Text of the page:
No Room at the Inn for Grown Ups

Clip from St. Paul's Children's Christmas Story

All Credit to St. Paul’s Church, Auckland, New Zealand

In her book Acedia & Me, writer Kathleen Norris recounts a story that is at once heartbreaking and hopeful:

I once observed a girl about four years old find a coin on the floor of a post office. ‘Look, Momma, a penny,’ she said. Her mother, busy with the clerk at the window, mumbled an acknowledgement. The girl put the penny back on the floor, in a different location. ‘Look, Momma,’ she said again, ‘I found another one!’ She kept at it until she had found five pennies, each one of them ‘new’.

It’s Christmas time, and as often happens, I see much of myself in the preoccupied parent at the post office. Family engagements follow on the heels of work obligations. Commercialized nostalgia, and the familiar Christmas songs employed to soften its edge, leave me feeling disconnected. And the culture war pieces – War-on-Christmas debating, gun control politicking, fiscal cliff hand-wringing…

***

Amidst all this, thankfully, a voice cries out, “Look, a new penny!”

 

The short of it: a parish in New Zealand got a group of children to reenact the Nativity story. The story is familiar. The costumes are basic. In its simplicity and sincerity it is utterly charming.

Watching it brings me back to my own grade school Nativity play (in which I had one line: “I am sorry, the inn is full. But there is room out back in the stable”). At eight, I delivered the line with a minimum of ironic detachment, from all the unpleasant stuff that we adults now fret over. It was an age when Christmas was about getting presents. It was about wearing itchy Cosby sweaters to family parties, and playing with cousins. And somewhere in there, we heard about Jesus coming as a little baby. Each year was the same; each year was new, magical, exciting.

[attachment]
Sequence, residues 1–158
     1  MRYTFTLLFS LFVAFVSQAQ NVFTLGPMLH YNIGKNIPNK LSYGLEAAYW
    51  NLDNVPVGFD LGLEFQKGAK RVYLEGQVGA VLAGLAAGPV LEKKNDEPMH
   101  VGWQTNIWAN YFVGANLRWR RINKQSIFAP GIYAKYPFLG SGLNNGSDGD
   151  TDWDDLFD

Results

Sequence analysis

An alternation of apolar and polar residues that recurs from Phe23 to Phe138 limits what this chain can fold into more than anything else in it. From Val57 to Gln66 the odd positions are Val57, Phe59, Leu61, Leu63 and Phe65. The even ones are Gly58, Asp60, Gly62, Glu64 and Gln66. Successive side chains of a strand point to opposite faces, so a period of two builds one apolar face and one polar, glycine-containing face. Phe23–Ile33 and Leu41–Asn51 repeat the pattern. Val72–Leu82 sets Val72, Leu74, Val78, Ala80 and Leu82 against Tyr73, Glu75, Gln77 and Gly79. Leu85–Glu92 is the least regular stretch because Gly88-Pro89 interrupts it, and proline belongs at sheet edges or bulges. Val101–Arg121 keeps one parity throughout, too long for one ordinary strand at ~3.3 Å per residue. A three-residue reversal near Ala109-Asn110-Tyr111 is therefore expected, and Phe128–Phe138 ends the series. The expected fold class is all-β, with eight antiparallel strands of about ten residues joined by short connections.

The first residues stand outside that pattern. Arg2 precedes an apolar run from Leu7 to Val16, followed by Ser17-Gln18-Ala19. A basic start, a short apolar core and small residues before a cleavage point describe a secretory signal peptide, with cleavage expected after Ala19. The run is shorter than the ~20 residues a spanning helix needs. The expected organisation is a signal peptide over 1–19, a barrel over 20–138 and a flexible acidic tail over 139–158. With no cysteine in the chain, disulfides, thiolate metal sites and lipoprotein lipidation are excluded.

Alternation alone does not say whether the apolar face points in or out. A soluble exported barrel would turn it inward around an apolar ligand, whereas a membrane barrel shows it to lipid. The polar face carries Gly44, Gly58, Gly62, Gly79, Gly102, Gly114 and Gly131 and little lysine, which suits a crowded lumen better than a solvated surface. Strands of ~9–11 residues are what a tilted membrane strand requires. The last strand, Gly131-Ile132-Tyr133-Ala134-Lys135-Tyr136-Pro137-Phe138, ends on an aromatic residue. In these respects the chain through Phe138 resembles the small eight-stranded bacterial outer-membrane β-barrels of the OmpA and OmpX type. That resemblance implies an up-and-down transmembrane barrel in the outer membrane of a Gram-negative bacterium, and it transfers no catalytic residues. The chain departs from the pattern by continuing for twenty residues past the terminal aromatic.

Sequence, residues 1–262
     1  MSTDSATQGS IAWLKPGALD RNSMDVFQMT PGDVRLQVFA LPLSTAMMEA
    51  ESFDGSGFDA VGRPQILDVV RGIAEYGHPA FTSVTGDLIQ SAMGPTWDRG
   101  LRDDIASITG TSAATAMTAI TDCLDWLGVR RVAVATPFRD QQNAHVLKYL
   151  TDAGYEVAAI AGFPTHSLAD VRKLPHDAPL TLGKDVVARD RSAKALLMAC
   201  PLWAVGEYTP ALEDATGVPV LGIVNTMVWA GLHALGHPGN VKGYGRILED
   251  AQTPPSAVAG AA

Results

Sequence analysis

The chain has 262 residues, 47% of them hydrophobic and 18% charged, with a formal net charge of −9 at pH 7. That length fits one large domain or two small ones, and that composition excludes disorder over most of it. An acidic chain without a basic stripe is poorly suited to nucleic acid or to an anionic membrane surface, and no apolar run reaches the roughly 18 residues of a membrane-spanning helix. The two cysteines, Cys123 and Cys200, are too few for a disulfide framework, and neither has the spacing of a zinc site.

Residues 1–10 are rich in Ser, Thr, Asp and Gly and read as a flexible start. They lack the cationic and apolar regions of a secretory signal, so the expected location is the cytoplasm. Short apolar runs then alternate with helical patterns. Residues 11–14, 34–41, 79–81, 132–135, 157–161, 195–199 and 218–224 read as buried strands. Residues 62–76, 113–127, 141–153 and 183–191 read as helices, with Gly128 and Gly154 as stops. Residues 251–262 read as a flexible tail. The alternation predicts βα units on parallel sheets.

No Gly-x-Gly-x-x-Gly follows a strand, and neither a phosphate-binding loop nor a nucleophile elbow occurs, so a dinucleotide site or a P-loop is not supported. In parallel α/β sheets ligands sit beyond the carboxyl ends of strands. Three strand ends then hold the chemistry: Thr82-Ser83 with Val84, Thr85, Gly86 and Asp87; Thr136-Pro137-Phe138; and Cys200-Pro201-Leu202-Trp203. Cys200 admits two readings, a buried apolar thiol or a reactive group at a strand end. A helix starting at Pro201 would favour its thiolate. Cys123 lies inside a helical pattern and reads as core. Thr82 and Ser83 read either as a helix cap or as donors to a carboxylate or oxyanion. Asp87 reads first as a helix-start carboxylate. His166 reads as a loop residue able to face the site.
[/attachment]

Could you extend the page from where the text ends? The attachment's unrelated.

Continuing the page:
A voice cries out in the wilderness, “Look, a new penny.”

***

But the Nativity Kiwis are more than just a feel-good boost of youthful cheer to counteract the holiday malaise. They do more: they show us how to prepare for Jesus’ coming. The great Emmanuel Himself made it clear: “I tell you the truth, anyone who will not receive the kingdom of God like a little child will never enter it.”

While Jesus comes to us each year (day, minute, etc.)… I don’t always come to Jesus as I should. I’ve got excuses, and they all sound legit:

Because I’m distracted,

busy with work,

disappointed that the holidaze isn’t magical and exciting like it used to be.

Because I’m grown up now, and don’t have the luxury of being a carefree kid. Let the kids enjoy Christmas; we adults have real stuff to attend to.

A voice cries out in the wilderness, “prepare the way of the Lord.”

Life in 2012 is complicated, we hear and repeat. But each culture and generation must face its own challenges. Our culture’s demons keep us vaguely distracted, dissatisfied, and anxious despite our comfort and bounty. We are encouraged by technology to “stay connected” with everyone but the people in front of us. We are adrift from ourselves.

Or so the despairing adult voices tell us. Tell us often enough that we believe them.

A voice cries out – cries out – in the wilderness, “prepare the way of the Lord.”

***

Amidst a national tragedy, and the pressures surrounding Christmas, an innocent child tugs at our jacket. We can politely acknowledge it, and get back to being our busied, complex selves. Or…

Or… we can pause from business as usual. We can quiet the voices of distraction. We can look down, and rejoice with the child who found a new penny again this year, as if for the first time. We can watch those little Kiwi kids retelling the story of another child.

“The virgin will be with child and will give birth to a son, and they will call him Emmanuel”  which means, “God with us.”

Emmanuel. God, as a child, choosing us. And we, childlike, choosing God.